| Israeli foreign minister Silvan Shalom (left) and his Turkish counterpart Abdullah Gul at a news meet in Istanbul on Sunday. (AFP)
Istanbul, Nov. 16 (Reuters): Suicide bombers driving two vans loaded with explosives carried out the devastating attacks on two Istanbul synagogues which killed at least 23 people, a diplomatic source said today.
Turkish media said each vehicle was packed with 400 kg of explosives and two corpses had been found with wires attached to them suggesting they might be suicide bombers.
Turkey and Israel, vowing not to let yesterday’s attacks damage rare close ties between the Jewish state and a Muslim nation, blamed what they called international terrorists.
Working side-by-side and inch-by-inch, Turkish police and Israeli Mossad secret service teams combed through the wreckage outside the two synagogues.
“The Turkish probe has found that the two separate attacks were suicide bombings,” a diplomatic source close to the investigation said.
The state-run Anatolian news agency quoted security sources as saying the bombs were made of ammonium sulfate, nitrate and petrol, all easily available, mixed in plastic containers.
“Two dismembered corpses have been discovered with wires wrapped around parts of their body,” Milliyet newspaper said.
While the human cost occupied front pages, questions started about what it would mean for Turkey’s hopes of a long awaited economic recovery.
“Terrorism will be perceived as a threat to stability in terms of more long-term investment which Turkey is desperately in need of, and for the whole long-term image of Turkey,” said Sevdil Yildirim of Yapi Kredi Securities in Istanbul.
Officials said international groups — possibly including Osama bin Laden’s al Qaida — might be behind the blasts, which killed Jews attending Sabbath prayers and Muslim passers-by.
Turkish Prime Minister Tayyip Erdogan vowed to leave no stone unturned in bringing to justice those responsible for an attack which injured more than 300 people and wrecked buildings and cars over wide areas around the synagogues.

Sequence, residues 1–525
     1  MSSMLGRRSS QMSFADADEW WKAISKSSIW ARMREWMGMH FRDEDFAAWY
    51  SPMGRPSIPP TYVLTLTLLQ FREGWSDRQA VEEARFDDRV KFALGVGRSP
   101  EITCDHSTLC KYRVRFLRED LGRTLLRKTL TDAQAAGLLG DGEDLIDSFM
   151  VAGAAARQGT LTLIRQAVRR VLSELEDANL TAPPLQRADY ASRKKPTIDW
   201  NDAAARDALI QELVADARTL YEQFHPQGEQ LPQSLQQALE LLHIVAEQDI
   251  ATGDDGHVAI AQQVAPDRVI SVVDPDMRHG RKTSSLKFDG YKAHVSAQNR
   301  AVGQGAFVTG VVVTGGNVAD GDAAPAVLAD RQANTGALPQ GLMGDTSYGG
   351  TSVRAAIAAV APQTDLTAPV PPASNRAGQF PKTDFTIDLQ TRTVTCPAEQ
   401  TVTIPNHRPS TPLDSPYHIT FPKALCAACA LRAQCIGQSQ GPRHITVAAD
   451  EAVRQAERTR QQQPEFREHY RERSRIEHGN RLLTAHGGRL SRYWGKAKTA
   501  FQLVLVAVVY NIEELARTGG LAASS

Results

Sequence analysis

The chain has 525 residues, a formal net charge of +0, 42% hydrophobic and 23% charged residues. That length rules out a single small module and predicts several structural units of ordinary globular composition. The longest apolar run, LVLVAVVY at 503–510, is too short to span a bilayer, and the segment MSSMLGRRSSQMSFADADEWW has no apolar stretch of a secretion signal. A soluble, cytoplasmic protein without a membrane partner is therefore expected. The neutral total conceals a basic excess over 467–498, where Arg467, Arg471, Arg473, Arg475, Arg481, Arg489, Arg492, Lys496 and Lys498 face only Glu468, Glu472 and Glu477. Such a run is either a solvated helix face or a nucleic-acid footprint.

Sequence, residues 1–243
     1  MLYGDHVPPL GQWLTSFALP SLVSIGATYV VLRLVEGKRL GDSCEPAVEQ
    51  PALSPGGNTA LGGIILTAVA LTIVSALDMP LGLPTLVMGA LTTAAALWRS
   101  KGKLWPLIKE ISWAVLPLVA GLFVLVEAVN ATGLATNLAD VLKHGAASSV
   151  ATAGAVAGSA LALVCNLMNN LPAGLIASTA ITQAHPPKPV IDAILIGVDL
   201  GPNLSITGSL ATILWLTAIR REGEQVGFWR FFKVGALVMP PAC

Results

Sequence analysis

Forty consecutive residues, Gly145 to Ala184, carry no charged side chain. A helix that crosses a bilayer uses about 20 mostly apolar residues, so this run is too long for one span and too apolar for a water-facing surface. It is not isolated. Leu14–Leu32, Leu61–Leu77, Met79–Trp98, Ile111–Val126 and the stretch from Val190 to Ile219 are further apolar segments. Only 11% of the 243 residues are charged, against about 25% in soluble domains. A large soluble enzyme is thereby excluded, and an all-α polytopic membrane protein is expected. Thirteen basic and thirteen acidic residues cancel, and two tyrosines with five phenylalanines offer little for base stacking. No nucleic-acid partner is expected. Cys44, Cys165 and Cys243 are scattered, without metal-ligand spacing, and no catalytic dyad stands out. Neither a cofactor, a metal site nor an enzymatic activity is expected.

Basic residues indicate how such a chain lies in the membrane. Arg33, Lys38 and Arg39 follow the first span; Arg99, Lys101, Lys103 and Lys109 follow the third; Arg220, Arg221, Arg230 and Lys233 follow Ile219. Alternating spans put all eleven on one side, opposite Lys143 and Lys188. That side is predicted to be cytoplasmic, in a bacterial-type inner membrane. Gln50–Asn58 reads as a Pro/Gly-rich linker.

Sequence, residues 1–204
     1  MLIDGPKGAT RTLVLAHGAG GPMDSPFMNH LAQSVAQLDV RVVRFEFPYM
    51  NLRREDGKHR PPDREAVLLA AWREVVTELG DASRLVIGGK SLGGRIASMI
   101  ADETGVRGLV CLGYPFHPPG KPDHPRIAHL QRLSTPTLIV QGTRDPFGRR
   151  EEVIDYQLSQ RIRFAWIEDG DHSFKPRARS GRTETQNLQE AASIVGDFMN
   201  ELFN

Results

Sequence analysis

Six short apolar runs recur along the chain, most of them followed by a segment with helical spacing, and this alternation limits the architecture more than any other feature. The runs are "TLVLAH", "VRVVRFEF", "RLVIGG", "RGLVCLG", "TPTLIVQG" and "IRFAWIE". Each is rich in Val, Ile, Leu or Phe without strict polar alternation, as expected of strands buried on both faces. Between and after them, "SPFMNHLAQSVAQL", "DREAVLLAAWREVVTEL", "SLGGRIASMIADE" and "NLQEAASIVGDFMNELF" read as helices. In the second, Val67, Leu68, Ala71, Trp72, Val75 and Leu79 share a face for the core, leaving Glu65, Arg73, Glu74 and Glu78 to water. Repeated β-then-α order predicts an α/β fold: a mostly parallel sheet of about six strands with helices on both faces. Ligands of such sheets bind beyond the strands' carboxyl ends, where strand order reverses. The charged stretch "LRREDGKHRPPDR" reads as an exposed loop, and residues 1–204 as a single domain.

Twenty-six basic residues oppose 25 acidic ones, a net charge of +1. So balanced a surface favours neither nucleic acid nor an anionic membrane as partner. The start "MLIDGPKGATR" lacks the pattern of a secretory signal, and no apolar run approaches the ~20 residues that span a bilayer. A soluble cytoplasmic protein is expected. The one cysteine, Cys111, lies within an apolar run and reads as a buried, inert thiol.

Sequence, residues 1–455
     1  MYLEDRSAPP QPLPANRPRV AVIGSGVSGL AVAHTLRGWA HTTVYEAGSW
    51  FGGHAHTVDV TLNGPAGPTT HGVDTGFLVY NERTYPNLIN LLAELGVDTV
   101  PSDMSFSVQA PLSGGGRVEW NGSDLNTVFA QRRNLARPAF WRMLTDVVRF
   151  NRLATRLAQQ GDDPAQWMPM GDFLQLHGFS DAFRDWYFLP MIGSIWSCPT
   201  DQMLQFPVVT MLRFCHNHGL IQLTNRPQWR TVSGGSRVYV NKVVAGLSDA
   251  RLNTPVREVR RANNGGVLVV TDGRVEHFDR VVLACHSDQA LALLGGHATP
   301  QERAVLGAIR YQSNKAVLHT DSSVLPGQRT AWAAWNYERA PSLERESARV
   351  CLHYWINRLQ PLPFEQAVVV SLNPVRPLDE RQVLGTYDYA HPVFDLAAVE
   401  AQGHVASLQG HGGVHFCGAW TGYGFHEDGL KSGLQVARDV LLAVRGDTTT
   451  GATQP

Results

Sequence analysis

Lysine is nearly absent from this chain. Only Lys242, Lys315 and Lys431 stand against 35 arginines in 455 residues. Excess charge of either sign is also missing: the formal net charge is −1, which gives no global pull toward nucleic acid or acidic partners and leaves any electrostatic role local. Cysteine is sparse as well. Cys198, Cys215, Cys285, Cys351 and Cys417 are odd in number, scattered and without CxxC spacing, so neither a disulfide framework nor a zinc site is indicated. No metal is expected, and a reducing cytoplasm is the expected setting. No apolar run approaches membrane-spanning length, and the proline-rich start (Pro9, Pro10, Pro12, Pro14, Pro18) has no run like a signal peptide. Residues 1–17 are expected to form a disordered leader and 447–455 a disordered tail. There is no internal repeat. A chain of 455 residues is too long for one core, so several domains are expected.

More than 70 victims remained in hospital.
“Our determination to fight terrorism in the international arena continues because this event has international links,” Erdogan said. “We must solve this in cooperation with other states.”
Israeli Prime Minister Ariel Sharon told a weekly cabinet meeting:
“We saw yesterday yet again that terror knows no bounds. Terrorism doesn’t discriminate by religion or blood.”
Israeli foreign minister Silvan Shalom, who flew to Istanbul for talks with Turkish leaders and Jewish community members, laid a wreath near a large crater created by one of the blasts.
“Terrorism targets people everywhere and must be fought,” Shalom told reporters amid tight security.
The ground was strewn with broken glass and flowers left by well-wishers.
Shalom later told Israeli radio: “The direction (of suspicions) is believed to be more towards al Qaida.”
Turkish officials dismissed a claim made by a radical Turkish Islamist group that it was behind the attacks, saying that the movement lacked the capability to mount such a big attack.
The diplomatic source echoed this, saying: “The consensus is that this is a group on a far greater scale, operating beyond Turkey’s borders.”
Police also released four people briefly detained as suspects.
A senior Israeli security source said the blasts may have been the work of an al Qaida affiliate, possibly seeking to target both arch-foe Israel and moderate Muslim Turkey.
NATO member Turkey has been preoccupied by plans to send troops to Iraq — a move which it abandoned this month after strong protests by Iraq’s US-appointed governing council.
As a top tourist destination, Turkey is sensitive to incidents that tarnish its image and the blasts may also sour recent optimism generated by hopes of European Union membership.
“With the New Year coming, we were expecting so many customers. But yesterday, with the bombs, I’m afraid that they will all cancel,” said Ahmet Haksoyleyen, a carpet seller.